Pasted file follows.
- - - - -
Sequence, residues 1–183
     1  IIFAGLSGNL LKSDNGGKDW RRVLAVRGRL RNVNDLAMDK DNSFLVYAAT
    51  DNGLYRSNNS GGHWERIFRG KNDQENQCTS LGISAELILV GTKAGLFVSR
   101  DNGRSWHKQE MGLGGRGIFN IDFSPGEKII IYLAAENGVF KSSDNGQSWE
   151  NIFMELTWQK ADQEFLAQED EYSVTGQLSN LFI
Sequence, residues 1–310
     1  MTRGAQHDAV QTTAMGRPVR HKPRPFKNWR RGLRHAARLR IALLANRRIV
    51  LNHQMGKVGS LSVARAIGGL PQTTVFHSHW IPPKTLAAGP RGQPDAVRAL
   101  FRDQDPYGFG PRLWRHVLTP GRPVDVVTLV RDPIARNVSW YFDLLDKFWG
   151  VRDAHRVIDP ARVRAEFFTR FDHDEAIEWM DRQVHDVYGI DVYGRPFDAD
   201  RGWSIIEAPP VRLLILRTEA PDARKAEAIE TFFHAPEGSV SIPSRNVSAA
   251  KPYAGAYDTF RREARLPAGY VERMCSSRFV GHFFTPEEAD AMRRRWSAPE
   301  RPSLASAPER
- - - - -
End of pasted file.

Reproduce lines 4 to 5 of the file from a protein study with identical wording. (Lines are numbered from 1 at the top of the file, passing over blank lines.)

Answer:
   101  DNGRSWHKQE MGLGGRGIFN IDFSPGEKII IYLAAENGVF KSSDNGQSWE
   151  NIFMELTWQK ADQEFLAQED EYSVTGQLSN LFI